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In reflecting on the results of the election to the European parliament it is worth revisiting this piece by Bernard Cassen, first published in English by Revolting Europe 

 

In view of the elections to the European Parliament in May 2014, the socialist and social democratic parties are seeking by all means to dissociate themselves from European policies, as these policies – which they have approved – are unpopular. As a diversion and to shirk their responsibility, they intend to conduct a joint campaign across the 28 member states with one goal – that of achieving the “reorientation” of the European Union (EU) – and using one means to achieve it: a majority in the European Parliament and one of their own to replace the current President of the European Commission, José Manuel Barroso. For this post, they chose a candidate that the French Socialists declare, without even a smile, as “the best of us”: Martin Schulz, leader of the German SPD and current President of the European Parliament.

This appears to be common sense: even if the elections to Parliament in Strasbourg are actually a juxtaposition of national elections, they lead to the formation of parliamentary groups that are not national, but political, in this case, the Group of the Progressive Alliance of Socialists and Democrats  (S & D). And one factor increases the role of parliamentary representation in the appointment of the President of the Commission role: Article 17 of the Lisbon Treaty stipulates that, in making this choice, the heads of state or government (the European Council)  must  “take into account the elections to the European Parliament.”

Moreover, and the distinction is important, under the Treaty, the Parliament will now “elect” the President of the Commission, whereas before it had to settle with “approving” the choice of the European Council.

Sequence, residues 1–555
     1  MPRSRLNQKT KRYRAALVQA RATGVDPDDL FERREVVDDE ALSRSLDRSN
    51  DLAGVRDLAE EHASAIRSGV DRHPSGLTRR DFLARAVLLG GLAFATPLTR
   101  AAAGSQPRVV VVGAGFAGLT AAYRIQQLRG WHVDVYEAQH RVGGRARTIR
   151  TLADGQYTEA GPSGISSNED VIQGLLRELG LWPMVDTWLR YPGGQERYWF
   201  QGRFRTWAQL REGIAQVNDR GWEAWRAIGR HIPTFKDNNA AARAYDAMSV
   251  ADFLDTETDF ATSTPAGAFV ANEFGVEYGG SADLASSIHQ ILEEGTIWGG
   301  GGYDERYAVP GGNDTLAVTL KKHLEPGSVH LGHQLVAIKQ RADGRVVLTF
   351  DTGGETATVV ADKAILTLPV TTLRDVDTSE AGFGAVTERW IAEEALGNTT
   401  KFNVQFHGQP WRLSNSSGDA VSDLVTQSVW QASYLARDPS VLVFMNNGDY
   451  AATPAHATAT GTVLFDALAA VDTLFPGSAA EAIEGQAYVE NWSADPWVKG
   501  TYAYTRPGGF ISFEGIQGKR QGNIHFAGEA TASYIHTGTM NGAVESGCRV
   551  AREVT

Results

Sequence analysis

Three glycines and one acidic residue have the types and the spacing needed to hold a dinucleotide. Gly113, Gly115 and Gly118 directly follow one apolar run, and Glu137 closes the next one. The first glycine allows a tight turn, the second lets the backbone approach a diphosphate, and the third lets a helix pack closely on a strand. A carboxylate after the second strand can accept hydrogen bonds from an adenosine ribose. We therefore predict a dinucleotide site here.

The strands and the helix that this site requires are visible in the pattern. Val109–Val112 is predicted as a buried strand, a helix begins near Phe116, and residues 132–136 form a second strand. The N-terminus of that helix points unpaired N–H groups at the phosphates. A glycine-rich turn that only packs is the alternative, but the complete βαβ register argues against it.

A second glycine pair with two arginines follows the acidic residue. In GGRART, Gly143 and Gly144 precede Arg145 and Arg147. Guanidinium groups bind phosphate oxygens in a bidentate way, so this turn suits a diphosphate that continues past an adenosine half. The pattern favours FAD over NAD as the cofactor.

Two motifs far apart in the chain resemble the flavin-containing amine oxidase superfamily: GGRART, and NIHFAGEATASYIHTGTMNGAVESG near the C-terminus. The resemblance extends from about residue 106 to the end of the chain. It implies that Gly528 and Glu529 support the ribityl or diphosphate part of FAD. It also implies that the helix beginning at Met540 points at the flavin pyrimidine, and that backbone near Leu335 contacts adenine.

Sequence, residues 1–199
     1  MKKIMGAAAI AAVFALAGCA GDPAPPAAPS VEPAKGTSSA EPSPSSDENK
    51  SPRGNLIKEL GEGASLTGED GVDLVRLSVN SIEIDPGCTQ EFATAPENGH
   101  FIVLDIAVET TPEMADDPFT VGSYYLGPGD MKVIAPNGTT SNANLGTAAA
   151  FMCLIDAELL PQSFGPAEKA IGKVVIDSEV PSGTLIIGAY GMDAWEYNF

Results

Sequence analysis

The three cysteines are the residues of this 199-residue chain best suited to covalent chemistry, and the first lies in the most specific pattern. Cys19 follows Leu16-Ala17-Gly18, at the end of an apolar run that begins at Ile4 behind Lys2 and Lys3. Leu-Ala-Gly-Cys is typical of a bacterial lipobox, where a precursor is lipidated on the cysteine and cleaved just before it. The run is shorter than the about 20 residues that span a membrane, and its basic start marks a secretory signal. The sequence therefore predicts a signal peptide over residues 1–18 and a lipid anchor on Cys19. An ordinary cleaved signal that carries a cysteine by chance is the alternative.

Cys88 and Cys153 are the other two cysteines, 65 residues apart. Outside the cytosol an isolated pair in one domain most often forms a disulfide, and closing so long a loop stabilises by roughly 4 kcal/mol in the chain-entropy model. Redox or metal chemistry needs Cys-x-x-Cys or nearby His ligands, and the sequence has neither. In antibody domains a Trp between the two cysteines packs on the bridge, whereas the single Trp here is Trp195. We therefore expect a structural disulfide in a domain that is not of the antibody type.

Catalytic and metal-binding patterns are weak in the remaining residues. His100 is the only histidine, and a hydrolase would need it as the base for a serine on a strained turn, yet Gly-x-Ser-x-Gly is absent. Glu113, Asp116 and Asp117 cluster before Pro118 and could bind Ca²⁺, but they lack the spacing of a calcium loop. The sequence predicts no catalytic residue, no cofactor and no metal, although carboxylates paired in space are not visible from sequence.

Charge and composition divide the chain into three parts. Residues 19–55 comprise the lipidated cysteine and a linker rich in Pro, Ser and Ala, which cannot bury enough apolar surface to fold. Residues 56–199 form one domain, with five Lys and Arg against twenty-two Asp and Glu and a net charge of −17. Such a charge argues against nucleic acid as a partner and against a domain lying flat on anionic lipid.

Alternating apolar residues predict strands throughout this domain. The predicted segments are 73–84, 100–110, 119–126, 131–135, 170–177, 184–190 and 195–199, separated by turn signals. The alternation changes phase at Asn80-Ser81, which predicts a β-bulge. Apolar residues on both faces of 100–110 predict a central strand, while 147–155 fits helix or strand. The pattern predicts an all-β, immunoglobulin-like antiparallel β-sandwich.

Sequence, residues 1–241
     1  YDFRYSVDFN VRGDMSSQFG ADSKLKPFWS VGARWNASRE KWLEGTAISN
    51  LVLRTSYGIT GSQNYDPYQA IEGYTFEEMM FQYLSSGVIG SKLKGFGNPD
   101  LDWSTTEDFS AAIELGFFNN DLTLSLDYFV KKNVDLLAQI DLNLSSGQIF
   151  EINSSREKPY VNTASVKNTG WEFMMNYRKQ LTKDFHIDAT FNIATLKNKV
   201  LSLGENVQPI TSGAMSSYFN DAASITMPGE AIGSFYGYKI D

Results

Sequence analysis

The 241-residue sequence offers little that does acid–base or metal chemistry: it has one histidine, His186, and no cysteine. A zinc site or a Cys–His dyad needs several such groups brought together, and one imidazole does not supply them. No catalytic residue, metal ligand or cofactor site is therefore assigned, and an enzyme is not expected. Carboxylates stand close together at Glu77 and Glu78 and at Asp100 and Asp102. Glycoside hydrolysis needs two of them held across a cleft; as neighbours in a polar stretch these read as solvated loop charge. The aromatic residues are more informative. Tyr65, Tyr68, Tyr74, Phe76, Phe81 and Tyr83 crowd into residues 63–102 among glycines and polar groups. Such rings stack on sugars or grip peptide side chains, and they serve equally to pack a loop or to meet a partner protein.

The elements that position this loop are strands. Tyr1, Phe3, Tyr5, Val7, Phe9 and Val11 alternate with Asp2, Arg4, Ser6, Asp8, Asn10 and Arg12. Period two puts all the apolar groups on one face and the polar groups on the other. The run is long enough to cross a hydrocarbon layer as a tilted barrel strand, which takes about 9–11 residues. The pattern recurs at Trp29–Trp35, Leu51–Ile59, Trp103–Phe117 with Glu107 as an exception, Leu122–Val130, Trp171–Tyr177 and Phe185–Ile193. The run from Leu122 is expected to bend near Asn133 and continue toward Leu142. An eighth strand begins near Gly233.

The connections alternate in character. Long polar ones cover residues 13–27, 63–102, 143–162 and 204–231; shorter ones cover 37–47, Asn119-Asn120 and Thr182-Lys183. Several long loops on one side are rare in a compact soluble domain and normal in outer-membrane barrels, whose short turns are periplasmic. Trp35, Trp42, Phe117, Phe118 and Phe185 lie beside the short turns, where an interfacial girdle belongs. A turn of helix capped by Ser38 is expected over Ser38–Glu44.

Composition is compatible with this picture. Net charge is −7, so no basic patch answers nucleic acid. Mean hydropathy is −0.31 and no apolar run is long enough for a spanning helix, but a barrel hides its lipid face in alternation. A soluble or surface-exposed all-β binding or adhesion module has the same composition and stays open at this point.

When we look at things more closely, we see that what appears to be a clarification of issues for voters is a mere illusion. Social democracy claims to “politicize” the Commission, which is to say that this was not the case until now, and that “Brussels” was only a “neutral” or “technical” structure composed of ” experts “concerned only with the general European interest … A significant confession, if only implicit: the libertarian content of successive European treaties, that the Commission has implemented zealously, are not ” political “. They are as natural as the change of seasons and so therefore cannot be debated. That is why, in the veritable neo-liberalising machine that is Brussels, 28 Commissioners from conservative and left parties alike get on like a house on fire. Like the SPD and the CDU / CSU in the German “grand coalition’ government, over which the three parties involved have just come to an agreement.

It is unclear how a so called Left president could change anything in a configuration in which he is would likely to be in a minority since it is governments who choose commissioners according to their own guidelines: right-wing governments – currently the most numerous in the EU – will logically choose right-wing Commissioners!

And even if – in the highly unlikely miracle – Martin Schulz is elected President of the Commission, and it has a political majority among Commissioners, it would be institutionally obliged to enforce the Treaty of Lisbon. That is to say, a roadmap prohibiting deviation from  neo- liberal dogmas. With a new EU Treaty unanimously approved, no “reorientation” of European policies is possible from within. And it is not known whether Mr. Schulz and his social-democratic friends, especially those of the French Socialist Party, are willing to reject a treaty for which they overwhelmingly voted.

Under these conditions, trying, as François Hollande did in his presidential campaign, to convince voters that the EU can be “reoriented” to become something other than what it currently is, is either distressingly naive or simply mystification.

It is surprising then to see this strategy copied by the Party of the European Left, which brings together the parties of the radical left, and whose MEPs shall meet in Group of the European United Left / Nordic Green Left (GUE / NGL). In putting forward Alexis Tsipras, leader of the Greek coalition SYRIZA, as its candidate for the presidency of the Commission, the European Left wanted to make a symbolic choice, to  impeach the Commission / ECB / IMF ‘troika’ that is destroying, among others, Greece and Portugal. Very well. But it does not seem to have considered that in so doing it follows the mould of social democracy, helping to legitimise the same false promises.

Translation by Revolting Europe

http://revolting-europe.com

 

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